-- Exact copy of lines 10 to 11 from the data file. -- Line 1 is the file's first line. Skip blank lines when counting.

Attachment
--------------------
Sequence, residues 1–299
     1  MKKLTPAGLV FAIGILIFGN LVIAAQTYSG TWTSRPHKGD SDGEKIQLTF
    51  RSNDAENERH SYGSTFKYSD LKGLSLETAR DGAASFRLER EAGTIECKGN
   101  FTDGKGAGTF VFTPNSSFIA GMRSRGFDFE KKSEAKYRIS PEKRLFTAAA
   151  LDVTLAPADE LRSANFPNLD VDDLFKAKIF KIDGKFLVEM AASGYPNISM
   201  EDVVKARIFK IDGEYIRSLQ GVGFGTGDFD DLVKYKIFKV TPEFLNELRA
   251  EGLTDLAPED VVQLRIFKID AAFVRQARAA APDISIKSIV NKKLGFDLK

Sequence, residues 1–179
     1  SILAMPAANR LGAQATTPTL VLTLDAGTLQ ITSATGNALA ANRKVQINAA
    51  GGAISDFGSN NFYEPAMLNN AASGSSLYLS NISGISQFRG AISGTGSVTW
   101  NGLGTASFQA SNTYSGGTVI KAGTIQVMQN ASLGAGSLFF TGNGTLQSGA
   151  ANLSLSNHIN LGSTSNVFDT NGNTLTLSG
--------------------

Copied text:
    51  GGAISDFGSN NFYEPAMLNN AASGSSLYLS NISGISQFRG AISGTGSVTW
   101  NGLGTASFQA SNTYSGGTVI KAGTIQVMQN ASLGAGSLFF TGNGTLQSGA